Re: [CR] What would you ride if we erased part of your brain?

(Example: Racing:Beryl Burton)

From: "Kai Hilbertz" <>
To: Mark Petry <>
In-Reply-To: <01c601c992b2$b3c22950$e601000a@Experticity.local>
Date: Thu, 19 Feb 2009 20:18:00 +0100
References: <01c601c992b2$b3c22950$e601000a@Experticity.local>
Subject: Re: [CR] What would you ride if we erased part of your brain?

Feb. 19, 09

Hi Mark,

I agree with much of what you're saying, but there's one small point where I beg to differ. Mixing and matching Campagnolo and Shimano is no big deal, there are many different ways to skin that cat. One source:


Kai Hilbertz Munich, Germany

On 19.02.2009, at 17:54, Mark Petry wrote:
> Garth - this is a great topic. One of the cool things about vintage
> bikes
> is that you can mix and match all the parts to suit your personal
> needs and
> preferences. I remember the cog boards and bins of spare parts at
> Cupertino Bike Shop and a pilgrimage there to replace an 18 tooth
> Regina B
> cog was great fun. However, installing a new cog on that Regina
> freewheel
> was truly a "voyage of discovery".... which is why I don't run
> Reginas any
> more...
> And that brings me to the topic at hand. Modern bikes with their
> dedicated
> "systems" don't allow you to mix and match components. You have a
> choice of
> BEEF or CHICKEN (Campy or Shimano) plus TOFU (SRAM) and as a result
> the fun
> is lost, and all bikes seem pretty much the same. Matter of fact the
> "generic vintage bike" with all campy 52/42, Regina ORO, Cinelli bars,
> Martano rims, etc does not interest me very much. What IS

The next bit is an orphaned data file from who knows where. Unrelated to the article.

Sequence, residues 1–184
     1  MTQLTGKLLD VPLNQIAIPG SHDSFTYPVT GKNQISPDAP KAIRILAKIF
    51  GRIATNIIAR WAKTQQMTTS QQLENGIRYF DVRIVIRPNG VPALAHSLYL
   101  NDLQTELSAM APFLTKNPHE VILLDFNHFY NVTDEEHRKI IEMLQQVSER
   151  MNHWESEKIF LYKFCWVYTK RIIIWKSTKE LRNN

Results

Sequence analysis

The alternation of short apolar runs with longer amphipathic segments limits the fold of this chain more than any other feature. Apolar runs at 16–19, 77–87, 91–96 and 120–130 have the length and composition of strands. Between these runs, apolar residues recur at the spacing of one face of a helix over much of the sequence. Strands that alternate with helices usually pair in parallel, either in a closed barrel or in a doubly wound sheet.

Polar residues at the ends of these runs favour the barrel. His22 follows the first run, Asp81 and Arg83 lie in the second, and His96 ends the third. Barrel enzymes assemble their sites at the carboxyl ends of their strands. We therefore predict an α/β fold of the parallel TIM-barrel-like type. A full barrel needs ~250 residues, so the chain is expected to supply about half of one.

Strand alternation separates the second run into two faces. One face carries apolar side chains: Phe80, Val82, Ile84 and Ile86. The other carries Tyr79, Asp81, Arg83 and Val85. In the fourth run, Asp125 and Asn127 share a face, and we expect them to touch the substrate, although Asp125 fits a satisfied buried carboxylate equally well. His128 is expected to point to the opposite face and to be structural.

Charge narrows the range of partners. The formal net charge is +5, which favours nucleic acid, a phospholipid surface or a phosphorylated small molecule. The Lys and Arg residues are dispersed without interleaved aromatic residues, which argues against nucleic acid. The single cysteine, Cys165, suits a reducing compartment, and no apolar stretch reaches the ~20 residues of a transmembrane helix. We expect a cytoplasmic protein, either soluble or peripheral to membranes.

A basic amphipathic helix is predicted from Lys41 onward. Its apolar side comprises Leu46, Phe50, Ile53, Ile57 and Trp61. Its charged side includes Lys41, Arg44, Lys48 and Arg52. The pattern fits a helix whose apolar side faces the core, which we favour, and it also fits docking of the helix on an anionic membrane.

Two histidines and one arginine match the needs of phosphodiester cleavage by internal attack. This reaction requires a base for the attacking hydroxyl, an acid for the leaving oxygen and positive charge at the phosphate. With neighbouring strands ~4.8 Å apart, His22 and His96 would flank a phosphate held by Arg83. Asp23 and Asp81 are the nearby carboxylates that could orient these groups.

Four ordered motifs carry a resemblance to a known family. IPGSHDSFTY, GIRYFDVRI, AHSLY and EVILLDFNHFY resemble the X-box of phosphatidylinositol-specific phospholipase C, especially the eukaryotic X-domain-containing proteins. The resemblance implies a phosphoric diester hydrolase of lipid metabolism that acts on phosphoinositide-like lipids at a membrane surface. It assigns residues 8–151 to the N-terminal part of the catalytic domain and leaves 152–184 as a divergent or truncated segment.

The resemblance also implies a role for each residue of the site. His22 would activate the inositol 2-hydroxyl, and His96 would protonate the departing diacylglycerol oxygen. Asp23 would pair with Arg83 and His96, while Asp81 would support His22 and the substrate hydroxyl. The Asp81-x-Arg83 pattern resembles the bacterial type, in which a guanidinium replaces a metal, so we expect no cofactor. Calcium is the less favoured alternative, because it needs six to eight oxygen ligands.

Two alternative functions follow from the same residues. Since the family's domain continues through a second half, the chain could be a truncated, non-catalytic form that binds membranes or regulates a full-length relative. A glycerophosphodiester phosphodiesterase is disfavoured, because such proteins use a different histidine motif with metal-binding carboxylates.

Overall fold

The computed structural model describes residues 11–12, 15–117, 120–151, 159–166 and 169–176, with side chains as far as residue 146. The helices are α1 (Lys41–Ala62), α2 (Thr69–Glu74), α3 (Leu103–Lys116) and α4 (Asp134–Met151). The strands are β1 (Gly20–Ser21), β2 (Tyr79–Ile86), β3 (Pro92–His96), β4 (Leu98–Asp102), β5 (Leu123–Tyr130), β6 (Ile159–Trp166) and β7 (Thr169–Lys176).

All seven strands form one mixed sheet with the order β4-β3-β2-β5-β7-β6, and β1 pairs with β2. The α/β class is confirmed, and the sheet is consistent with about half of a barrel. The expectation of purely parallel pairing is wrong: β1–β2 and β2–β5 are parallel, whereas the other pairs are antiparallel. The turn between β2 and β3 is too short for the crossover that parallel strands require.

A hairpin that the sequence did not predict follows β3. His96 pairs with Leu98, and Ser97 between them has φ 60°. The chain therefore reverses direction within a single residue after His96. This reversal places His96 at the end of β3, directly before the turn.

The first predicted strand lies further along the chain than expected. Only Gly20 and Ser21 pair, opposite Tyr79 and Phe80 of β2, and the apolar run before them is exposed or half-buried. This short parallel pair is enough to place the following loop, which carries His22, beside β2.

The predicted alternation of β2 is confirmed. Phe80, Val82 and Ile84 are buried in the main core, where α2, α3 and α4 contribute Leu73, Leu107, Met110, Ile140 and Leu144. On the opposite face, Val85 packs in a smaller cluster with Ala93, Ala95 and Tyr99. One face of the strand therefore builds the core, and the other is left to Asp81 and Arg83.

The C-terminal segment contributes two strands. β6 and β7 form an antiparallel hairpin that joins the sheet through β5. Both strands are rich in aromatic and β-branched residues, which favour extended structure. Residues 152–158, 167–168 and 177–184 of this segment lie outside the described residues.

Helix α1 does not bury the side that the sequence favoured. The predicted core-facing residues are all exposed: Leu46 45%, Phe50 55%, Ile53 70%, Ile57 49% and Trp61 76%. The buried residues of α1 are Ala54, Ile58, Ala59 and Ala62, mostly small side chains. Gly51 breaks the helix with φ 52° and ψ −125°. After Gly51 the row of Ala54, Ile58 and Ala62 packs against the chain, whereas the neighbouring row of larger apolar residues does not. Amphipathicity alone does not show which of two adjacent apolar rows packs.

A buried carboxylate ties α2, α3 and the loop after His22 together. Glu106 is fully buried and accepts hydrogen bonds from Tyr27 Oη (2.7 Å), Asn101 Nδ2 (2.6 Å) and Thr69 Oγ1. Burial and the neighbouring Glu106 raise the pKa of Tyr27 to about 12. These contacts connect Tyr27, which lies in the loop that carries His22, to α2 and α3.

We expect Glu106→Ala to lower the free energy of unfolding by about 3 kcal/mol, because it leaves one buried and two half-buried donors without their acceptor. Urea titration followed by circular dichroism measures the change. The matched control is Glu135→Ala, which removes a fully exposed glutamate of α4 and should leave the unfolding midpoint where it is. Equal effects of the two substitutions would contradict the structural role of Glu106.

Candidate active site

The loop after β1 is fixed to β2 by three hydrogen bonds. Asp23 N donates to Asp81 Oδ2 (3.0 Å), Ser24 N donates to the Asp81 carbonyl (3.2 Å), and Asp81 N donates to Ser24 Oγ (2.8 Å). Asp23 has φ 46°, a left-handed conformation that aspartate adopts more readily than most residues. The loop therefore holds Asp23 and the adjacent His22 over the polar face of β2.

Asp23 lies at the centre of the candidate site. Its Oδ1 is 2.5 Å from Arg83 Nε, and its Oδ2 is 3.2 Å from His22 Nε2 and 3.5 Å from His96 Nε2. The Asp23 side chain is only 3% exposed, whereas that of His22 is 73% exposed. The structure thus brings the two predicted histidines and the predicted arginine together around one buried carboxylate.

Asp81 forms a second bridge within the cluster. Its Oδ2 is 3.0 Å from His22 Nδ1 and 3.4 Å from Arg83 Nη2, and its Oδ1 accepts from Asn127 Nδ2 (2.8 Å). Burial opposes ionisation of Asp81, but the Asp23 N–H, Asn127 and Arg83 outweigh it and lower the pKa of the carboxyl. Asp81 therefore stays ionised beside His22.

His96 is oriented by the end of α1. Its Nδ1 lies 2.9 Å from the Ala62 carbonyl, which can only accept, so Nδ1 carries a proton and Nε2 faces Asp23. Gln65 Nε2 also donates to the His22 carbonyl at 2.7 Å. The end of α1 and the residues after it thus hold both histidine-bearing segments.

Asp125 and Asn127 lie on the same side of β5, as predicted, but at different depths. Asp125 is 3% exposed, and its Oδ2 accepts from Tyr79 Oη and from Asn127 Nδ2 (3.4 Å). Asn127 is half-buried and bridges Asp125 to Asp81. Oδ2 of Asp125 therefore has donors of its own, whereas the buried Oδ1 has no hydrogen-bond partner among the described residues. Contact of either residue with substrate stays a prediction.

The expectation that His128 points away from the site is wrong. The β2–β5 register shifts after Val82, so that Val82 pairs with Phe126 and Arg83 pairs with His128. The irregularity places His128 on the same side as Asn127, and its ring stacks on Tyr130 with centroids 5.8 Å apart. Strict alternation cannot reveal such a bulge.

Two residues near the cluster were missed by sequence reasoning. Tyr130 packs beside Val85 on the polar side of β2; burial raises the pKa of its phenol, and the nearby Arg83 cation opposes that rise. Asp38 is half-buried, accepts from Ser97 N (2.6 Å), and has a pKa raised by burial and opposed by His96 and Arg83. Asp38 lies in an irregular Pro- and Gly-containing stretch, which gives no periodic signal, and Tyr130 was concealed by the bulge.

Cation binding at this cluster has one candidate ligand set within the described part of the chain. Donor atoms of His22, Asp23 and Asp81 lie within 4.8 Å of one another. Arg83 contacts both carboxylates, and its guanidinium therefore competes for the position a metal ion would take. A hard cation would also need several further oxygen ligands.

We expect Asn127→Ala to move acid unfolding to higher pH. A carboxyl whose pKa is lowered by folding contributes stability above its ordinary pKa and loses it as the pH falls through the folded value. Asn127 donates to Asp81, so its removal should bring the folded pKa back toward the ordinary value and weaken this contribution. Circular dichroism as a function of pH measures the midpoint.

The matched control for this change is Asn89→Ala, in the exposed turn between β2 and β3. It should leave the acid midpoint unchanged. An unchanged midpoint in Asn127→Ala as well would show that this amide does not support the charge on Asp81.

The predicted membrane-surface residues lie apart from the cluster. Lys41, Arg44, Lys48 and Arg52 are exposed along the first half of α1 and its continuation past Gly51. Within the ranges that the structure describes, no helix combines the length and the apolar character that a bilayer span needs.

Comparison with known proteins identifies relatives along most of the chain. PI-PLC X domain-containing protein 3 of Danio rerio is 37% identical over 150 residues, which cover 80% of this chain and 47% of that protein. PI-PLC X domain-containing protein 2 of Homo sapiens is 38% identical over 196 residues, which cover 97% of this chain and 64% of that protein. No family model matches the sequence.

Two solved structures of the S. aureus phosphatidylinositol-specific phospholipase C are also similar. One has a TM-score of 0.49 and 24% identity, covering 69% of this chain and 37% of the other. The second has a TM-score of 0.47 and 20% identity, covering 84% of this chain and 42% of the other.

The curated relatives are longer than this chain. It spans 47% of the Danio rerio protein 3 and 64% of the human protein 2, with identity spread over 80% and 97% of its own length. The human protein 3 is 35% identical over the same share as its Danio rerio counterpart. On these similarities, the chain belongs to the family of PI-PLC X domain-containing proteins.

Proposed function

> interesting is to
> pick the selection of components that meet your needs exactly,
> whether it's
> low gears for hills, or rack mounts for load carrying, whatever.
> Over time
> I've arrived at a mix of components that will probably cause me to be
> banished from the list, but work really well together and provide a
> pleasant, safe and sustainable riding experience (meaning spare
> parts are
> available).
> The bikes I most enjoy riding are equipped with Phil Wood hubs and
> bottom
> bracket, TA cranks (old style or the excellent modern Carmina)
> geared 48-34,
> Shimano freewheel (either Dura Ace or the current chinese el cheepo
> which
> works well), Mafac centerpull brakes or the Paul Neo-Racer (really
> good luck
> with this one), Campagnolo derailleurs of various types but always the
> classic Record front, Suntour Power Ratchet shifters (get 'em from
> Rivendell) and Nitto handlebars.
> The result is a bike that works well and is truly a reflection of the
> owner's individual tastes and preferences.
> Mark Petry
> Bainbridge Island, WA